Op-Ed: US to withdraw troops, close bases, but the future is unclear

Posted Sep 2, 2019 by Paul Wallis
The long, tough negotiations between the Afghan government, Taliban and the US are now a done deal, at least in theory. Negotiators say the deal simply needs Presidential approval. Meanwhile, the violence has continued unabated.
Washington wants to end its military involvement in Afghanistan and has been talking to the Taliban ...
Washington wants to end its military involvement in Afghanistan and has been talking to the Taliban since at least 2018
Desha-Kalyan CHOWDHURY, AFP/File
Negotiators have agreed to the exit of 5,000+ US troops, and closure of some bases, but it’s only a partial withdrawal at this stage. 9,000 troops will remain. That’s not necessarily the whole US objective, though, insofar as Trump’s stated objective was removal of US troops.
Another problem is whether aid will continue to be supplied to Afghanistan, given the uncertainty of the future. Foreign aid is basically supplying the medical and other services the battered Afghan economy can barely deliver by itself.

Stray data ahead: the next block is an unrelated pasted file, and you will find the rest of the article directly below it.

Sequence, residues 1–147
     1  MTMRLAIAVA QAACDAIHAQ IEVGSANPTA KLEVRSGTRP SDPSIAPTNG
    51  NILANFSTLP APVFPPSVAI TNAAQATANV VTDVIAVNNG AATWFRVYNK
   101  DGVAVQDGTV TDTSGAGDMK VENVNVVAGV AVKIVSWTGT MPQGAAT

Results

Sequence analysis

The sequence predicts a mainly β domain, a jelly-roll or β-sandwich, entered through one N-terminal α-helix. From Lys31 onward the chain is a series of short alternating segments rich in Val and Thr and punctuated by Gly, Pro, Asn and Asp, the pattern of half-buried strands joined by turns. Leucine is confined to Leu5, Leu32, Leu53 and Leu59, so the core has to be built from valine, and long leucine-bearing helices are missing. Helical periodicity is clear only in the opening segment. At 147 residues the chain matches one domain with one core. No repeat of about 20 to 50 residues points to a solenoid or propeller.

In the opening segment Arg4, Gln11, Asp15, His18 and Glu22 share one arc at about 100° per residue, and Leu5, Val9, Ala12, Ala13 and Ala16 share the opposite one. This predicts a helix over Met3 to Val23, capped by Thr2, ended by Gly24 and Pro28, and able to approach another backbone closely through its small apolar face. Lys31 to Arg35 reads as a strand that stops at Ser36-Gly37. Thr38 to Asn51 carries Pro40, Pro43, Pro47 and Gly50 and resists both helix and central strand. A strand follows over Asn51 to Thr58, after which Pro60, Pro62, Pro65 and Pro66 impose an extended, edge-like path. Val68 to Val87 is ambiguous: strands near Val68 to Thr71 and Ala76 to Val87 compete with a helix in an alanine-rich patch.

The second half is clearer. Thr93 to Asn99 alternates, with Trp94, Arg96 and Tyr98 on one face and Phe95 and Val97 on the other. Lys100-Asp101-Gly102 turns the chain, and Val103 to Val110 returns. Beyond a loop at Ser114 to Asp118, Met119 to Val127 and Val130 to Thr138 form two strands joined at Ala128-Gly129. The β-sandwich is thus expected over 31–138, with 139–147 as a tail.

The exact position on the ground remains unclear. The Taliban have launched several major attacks during the conduct of negotiations. The default position for any type of truce or peace in Afghanistan is that fighting usually starts again, and this is the predicted outcome for these negotiations.
At least one news source says that the CIA will increase its presence in Afghanistan. That’s a fairly safe bet. The US is likely to ensure intelligence is present to monitor future developments. Whether or not that matters to the Taliban or Afghan government is debatable at best.
History vs the future, again? Bet on it.
History has a habit of kicking Afghanistan in the teeth repeatedly. Since the Russian invasion of 1979, the country has been at war with itself and the world. Peace simply hasn’t existed. The various international and national players in Afghanistan seem to ignore the fact that the country is devastated, with massive social and economic issues. The many internal conflicts are unresolved.
In the best possible scenario, rebuilding will be long, tough, and expensive. It’s also likely to be extremely contentious, offering many more excuses for a new war. Whole generations have been decimated. The infrastructure and basic services are limping along. It’ll cost tens of billions, and take decades.
The fears of future conflict are almost certainties. Whatever agreement is glued together by expediency is likely to come apart under the sheer scope of these issues. The world has failed Afghanistan, and badly. Whatever the cosmetic effects of these negotiations, the future is likely to be more of the same.